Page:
Nanotechnology under the microscope
How can we make the internet greener? How can physics contribute to national security?
These are just two of the questions being answered at Glasgow University's James Watt Nanofabrication Centre.
Here they measure their achievements in nanometres - billionths of a metre.
Now its director, Prof Douglas Paul, has been awarded the prestigious President's Medal by the Institute of Physics.
It's been given to just a handful of scientists, among them the inventor of the world wide web, Sir Tim Berners-Lee, and the physicist and broadcaster Brian Cox.
The denizens of the nanofabrication centre work in a generously-proportioned clean room.
Heavily-filtered air and special clothing come as standard. When you're dealing in nanometres, a speck of dust can seem the size of a boulder.
It can give the work here something of a science fiction flavour.
But Prof Paul says nanotechnology is part of everyday life.
"Most of the transistors that are actually now inside your mobile phone have dimensions that are 22 to 28 nanometres in size," he says.
"And in fact the smallest dimensions might be as small as one or two nanometres.
"So actually everybody is carrying nanotechnology around with them."
The centre is working on the next generation of nanotechnology - theoretical, applied and commercial - with the emphasis on improving everyday life.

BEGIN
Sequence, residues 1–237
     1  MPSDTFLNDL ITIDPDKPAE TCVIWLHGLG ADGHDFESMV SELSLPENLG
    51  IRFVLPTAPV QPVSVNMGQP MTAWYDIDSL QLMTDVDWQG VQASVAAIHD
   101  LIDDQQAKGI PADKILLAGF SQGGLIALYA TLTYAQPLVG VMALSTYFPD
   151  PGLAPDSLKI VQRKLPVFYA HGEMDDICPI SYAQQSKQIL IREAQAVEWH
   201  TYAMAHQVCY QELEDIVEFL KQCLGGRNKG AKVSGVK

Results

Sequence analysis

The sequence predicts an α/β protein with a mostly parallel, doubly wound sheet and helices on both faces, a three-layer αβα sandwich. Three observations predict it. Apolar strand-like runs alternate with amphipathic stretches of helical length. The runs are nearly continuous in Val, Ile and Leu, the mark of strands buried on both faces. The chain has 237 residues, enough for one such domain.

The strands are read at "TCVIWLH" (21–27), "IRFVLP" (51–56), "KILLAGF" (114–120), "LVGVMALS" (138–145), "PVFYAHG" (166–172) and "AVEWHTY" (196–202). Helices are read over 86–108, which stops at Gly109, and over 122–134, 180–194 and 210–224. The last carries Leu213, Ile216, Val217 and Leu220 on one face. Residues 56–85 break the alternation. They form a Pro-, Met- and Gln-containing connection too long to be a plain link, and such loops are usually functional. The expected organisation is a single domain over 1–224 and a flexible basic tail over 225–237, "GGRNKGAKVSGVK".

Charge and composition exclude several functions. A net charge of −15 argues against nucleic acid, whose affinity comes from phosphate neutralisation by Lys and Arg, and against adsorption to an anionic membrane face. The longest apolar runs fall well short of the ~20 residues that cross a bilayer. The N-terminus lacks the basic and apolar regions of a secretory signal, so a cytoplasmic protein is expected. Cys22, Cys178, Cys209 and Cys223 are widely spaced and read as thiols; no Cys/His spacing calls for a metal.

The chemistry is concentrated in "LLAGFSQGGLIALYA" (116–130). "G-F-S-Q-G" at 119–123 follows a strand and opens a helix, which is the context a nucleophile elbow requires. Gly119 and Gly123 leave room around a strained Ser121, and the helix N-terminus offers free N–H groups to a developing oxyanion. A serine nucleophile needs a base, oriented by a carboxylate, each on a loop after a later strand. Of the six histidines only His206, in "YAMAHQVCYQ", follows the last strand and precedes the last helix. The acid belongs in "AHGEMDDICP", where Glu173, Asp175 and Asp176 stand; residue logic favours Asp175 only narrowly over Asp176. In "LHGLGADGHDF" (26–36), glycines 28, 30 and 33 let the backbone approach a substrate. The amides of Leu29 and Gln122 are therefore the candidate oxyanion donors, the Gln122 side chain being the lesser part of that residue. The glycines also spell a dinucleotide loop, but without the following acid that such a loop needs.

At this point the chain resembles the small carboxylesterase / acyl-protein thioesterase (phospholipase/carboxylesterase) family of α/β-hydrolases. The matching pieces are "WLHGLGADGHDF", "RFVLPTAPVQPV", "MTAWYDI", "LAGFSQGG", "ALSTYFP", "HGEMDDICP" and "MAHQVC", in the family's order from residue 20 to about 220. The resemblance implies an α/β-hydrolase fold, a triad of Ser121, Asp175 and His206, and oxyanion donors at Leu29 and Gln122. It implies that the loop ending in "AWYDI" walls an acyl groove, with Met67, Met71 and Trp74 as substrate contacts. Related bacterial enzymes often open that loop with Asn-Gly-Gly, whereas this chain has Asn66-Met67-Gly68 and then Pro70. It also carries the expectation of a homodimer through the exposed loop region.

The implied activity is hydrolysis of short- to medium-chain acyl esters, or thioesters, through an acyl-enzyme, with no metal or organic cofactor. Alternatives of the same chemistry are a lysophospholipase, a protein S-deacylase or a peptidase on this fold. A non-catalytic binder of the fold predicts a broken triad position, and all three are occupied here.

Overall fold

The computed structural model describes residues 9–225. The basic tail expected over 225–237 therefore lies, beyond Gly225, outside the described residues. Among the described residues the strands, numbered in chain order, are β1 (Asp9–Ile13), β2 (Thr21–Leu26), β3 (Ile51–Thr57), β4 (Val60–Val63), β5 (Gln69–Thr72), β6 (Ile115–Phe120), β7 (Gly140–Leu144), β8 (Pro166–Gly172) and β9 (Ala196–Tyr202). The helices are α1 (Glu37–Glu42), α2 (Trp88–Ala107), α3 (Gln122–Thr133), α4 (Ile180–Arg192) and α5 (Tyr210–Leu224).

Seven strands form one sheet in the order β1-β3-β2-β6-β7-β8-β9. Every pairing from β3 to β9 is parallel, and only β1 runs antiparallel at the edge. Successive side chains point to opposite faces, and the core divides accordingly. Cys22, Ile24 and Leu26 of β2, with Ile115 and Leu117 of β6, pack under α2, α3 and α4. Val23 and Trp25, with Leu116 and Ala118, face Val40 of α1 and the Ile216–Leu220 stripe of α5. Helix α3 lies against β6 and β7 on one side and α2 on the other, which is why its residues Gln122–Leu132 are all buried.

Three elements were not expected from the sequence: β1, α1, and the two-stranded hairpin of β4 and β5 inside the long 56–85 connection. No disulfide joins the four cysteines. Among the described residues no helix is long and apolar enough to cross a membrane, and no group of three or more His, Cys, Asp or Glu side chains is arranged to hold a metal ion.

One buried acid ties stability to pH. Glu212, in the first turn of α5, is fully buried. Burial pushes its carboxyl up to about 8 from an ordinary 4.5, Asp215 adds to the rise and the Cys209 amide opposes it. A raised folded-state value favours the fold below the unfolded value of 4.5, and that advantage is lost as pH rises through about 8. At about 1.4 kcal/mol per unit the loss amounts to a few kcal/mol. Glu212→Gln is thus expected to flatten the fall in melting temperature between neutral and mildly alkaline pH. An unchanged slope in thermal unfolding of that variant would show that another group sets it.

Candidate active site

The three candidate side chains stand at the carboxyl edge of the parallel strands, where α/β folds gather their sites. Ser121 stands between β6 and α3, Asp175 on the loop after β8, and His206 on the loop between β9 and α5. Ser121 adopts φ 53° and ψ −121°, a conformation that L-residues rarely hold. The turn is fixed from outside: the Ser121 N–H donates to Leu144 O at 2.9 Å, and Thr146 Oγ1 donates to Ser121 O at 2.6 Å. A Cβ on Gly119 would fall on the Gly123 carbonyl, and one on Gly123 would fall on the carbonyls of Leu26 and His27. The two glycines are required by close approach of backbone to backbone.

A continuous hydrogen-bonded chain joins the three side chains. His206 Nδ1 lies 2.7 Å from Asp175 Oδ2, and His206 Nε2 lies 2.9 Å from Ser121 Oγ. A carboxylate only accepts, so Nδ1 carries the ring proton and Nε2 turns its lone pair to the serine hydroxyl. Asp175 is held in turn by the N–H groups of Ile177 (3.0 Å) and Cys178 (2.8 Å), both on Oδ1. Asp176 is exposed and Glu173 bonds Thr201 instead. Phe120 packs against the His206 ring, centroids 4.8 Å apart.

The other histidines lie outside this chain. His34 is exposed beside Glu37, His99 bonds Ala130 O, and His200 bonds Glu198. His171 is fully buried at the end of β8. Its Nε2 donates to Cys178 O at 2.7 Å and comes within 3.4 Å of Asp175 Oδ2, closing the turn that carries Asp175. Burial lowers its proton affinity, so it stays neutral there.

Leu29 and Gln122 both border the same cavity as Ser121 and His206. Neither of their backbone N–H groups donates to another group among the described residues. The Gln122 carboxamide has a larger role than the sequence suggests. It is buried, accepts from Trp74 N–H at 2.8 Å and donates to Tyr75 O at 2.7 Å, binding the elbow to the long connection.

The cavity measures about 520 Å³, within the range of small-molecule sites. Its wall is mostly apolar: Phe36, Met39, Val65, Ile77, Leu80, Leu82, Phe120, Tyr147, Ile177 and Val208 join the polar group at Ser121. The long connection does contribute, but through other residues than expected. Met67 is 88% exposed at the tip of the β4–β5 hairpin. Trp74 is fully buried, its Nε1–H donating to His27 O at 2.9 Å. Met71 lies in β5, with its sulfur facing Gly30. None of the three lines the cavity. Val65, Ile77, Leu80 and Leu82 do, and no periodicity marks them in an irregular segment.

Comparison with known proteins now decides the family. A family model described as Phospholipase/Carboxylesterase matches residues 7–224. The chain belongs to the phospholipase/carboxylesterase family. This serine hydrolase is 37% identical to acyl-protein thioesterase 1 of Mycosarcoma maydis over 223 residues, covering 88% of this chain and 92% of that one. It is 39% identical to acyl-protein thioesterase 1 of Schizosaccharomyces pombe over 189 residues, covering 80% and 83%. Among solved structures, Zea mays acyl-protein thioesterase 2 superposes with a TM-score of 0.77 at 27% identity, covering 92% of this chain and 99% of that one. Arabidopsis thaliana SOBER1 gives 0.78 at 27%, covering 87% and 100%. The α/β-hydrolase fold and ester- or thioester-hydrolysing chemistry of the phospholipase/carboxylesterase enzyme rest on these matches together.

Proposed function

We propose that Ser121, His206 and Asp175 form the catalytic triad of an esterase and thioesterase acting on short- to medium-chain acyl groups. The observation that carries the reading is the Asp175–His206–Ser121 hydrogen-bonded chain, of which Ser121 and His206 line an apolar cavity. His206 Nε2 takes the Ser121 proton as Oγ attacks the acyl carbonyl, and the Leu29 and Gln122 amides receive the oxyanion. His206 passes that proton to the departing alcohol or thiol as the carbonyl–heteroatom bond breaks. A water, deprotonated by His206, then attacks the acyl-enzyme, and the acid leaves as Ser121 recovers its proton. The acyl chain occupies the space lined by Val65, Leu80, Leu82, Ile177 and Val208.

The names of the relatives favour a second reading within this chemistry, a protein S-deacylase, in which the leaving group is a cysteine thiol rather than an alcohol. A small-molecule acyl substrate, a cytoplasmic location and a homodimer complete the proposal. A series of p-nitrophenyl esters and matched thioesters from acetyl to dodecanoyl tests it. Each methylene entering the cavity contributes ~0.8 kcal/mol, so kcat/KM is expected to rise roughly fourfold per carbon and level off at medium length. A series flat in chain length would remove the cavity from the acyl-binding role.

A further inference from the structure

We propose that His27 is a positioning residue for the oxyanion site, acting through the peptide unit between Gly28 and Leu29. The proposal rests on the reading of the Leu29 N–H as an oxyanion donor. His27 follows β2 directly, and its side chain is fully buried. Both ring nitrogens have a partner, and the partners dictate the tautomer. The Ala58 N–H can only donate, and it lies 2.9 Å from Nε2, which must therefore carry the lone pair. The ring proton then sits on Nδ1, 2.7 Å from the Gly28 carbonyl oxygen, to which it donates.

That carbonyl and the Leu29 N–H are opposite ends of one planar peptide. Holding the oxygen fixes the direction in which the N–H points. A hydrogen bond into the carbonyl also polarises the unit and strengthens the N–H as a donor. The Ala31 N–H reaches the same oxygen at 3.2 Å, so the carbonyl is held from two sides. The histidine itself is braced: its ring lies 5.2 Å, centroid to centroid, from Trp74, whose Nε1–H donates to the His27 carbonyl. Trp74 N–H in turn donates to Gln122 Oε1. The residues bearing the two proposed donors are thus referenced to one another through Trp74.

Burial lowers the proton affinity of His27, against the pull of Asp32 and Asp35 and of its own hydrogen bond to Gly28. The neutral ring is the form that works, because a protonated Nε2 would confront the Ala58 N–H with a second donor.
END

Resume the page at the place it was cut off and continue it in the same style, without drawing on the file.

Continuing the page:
The clean room occupies the space once occupied by the laboratory of the pioneering physicist and engineer Lord Kelvin.
In the 1850s he was among the first the publish a paper on the thermo-electric effect - the relationship between electricity and heat.
Today, Douglas Paul's research is building on that to try to create more efficient cars.
"Of the 100% of fuel you put in a car, 75% of that is wasted as heat," he says.
"Forty per cent of that waste heat goes down the exhaust pipe, and we want to take some of that waste heat, put thermo-electrics around the exhaust pipe, turn it into electricity, reduce the fuel consumption and reduce the CO2 emission from cars, buses and all the other vehicles that are around."
The professor is also taking part in European research aimed at making the internet greener by creating more efficient semiconductors.
He says something as simple as using a search engine can use a surprising amount of energy.
"If you sit down and calculate it and look at how the information bounces around the internet, it may actually be up to about half the energy in boiling a kettle to make a cup of tea," he explains.
As we talk in his office, it's difficult not to let the eye stray to the large grey safe against one wall. This is the outward sign of his work advising the UK government on national security.
He can't talk about specific threats, but he explains that physics has implications for things like airport security.
And not just in the areas you might expect, like counter-terrorism.
He adds: "How can you actually try and find out if somebody is carrying Ebola if they walk through Heathrow or Glasgow airport and try and isolate them before they transmit that to many people?
"A lot of this requires scientists to understand what are the threats, how to detect many of these threats, and then explain to the politicians what are the potential ways we can find solutions and try and keep people in the UK safe."
From a nanometric scale to the biggest issues of the day, it's physics that has many unexpected applications.